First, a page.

Whilst these often don’t command high prices, certain iconic brands can nevertheless be quite valuable; these can have a great appeal to collectors as can bottles of historical interest and early examples of iconic brands of blended whisky which show the differences between the current product and brand development over decades.

Often their labels are colourful and have interesting and unusual designs that are appealing or the bottles have historical significance relating to the history of specific brands. Many bottled before the introduction of screw caps, older examples often have driven or stopper corks with embossing that matches the brand name, an important factor to help with authenticity.

Storage, a simple guide to storing whisky

If you have a whisky collection on display, preferably keep the bottles dust free behind glass. Bottles which gather dust present the temptation to clean them, be careful that the labels don’t get marked or damaged during the glass cleaning process.

Store in the upright position, leave the bottles standing peacefully, if bottles have a driven cork or stopper cork, over time the spirit can rot the cork if the bottle is left lying down or on its’ side. A driven cork in a spirit bottle that has been stored on its’ side will dry out over time, when returned to the upright position, after it has dried and contracted, that cork may drop, if this happens, the bottle will be worthless and most likely undrinkable too with air oxidising the spirit.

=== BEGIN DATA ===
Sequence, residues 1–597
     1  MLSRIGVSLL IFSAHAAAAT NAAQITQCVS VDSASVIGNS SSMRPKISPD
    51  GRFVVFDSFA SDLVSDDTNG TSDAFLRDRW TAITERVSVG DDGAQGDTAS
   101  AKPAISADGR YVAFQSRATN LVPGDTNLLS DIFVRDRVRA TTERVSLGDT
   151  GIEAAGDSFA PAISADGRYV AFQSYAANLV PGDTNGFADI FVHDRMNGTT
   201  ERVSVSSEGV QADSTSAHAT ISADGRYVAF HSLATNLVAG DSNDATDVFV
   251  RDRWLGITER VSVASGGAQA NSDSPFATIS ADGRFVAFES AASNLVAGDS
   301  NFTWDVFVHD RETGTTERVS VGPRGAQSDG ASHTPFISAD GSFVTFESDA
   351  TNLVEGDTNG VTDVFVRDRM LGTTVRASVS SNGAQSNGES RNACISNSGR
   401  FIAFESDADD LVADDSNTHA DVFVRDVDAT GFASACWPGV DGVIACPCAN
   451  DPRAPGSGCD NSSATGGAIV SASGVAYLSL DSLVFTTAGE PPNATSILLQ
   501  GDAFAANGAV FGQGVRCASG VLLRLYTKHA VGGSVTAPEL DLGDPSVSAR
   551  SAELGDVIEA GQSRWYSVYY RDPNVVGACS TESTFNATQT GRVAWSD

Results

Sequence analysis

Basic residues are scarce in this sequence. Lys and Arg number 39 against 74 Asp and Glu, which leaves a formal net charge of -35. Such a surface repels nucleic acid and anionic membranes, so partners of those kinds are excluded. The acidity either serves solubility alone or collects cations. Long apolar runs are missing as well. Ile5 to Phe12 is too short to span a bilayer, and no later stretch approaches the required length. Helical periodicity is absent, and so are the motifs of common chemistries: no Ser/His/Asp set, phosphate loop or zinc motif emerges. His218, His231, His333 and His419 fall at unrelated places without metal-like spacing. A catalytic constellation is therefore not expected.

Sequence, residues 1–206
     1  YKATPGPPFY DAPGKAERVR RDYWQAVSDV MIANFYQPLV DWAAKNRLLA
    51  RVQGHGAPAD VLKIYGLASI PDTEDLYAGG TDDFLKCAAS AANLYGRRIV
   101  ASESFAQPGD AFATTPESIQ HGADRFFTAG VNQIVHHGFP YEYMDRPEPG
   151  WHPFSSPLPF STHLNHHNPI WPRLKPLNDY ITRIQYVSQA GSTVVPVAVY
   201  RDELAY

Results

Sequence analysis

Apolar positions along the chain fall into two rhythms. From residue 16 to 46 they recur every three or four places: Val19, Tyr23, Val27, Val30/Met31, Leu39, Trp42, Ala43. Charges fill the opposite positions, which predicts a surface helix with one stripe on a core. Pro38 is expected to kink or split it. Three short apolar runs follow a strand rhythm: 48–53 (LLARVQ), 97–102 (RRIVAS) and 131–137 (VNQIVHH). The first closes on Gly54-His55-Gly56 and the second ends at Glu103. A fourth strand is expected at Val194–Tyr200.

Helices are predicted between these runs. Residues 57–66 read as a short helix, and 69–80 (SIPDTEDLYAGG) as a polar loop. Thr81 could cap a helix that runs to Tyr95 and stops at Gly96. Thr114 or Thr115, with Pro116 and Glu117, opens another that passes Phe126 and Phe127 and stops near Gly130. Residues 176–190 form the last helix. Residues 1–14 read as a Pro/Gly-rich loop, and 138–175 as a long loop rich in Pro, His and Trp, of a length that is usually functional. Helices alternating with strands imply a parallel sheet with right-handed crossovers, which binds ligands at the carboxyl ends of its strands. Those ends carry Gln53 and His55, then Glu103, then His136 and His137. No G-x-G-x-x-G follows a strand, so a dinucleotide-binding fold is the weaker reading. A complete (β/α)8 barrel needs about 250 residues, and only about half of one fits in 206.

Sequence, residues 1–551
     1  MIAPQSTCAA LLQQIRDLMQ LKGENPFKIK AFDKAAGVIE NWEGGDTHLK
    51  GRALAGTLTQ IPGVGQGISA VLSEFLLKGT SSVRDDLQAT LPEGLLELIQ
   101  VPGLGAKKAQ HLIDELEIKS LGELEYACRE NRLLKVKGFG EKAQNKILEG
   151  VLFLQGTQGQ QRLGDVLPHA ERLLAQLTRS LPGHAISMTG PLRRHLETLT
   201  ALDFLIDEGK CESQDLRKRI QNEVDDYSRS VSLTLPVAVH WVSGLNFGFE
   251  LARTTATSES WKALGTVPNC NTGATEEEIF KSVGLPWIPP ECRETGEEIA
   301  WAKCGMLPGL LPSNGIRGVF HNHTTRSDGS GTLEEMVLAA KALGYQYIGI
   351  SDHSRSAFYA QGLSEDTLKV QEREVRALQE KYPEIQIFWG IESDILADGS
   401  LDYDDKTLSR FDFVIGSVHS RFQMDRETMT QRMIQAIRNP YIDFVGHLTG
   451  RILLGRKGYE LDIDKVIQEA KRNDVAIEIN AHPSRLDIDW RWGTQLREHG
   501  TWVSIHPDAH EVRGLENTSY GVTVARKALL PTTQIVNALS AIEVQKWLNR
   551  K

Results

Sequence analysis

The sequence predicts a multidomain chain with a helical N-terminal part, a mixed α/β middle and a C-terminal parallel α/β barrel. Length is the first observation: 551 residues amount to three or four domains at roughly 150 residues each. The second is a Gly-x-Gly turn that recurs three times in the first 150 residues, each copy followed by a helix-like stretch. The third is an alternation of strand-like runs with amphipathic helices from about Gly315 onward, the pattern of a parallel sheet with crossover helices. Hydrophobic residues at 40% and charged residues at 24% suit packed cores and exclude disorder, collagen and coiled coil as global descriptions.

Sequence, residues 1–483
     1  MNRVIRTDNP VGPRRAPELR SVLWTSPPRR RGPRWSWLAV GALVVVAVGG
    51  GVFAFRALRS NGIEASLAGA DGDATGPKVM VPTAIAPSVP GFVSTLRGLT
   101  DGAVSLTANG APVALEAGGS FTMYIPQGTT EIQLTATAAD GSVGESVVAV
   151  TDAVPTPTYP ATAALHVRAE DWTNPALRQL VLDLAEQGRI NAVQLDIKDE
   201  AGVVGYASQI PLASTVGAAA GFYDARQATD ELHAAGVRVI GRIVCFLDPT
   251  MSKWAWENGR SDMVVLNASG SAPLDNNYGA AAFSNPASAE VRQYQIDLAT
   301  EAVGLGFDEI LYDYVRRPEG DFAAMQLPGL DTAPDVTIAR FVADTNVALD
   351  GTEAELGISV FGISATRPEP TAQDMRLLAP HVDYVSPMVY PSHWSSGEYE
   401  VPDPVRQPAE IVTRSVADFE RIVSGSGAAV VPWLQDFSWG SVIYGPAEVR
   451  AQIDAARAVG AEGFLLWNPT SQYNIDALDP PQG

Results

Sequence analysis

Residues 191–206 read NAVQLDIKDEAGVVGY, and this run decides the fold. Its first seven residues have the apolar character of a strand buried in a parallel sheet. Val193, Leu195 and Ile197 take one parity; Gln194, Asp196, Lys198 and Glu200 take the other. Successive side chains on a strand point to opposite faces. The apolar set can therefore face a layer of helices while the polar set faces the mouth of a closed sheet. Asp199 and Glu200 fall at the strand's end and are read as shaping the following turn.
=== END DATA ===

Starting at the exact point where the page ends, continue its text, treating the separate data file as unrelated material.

Room temperature can affect the condition of the bottle. Store in a location that is moderate in temperature, not too cold or in the other extreme, not too hot, a quick temperature change can cause condensation on the glass that could run down onto and behind labels causing damage. Dampness is not good for whisky bottles, the labels can peel if left to dry out or even become detached from the bottle over time, if this occurs it is very difficult to replace the label perfectly and impossible to reverse this process.

The boxes and presentation cases that accompany the bottles are a good idea to keep the bottles in, to protect the labels from discoloration which occurs through time if left unprotected.

Keep bottles out of direct sunlight, not only can the sunlight damage the seal and labelling, over time sunlight can bleach the spirit, the damages that occur as a result of bad storage will affect the value of the bottle.

If you stick to these basic guidelines, you won’t go far wrong.

Learn more about our first Whisky Auction by clicking the link below.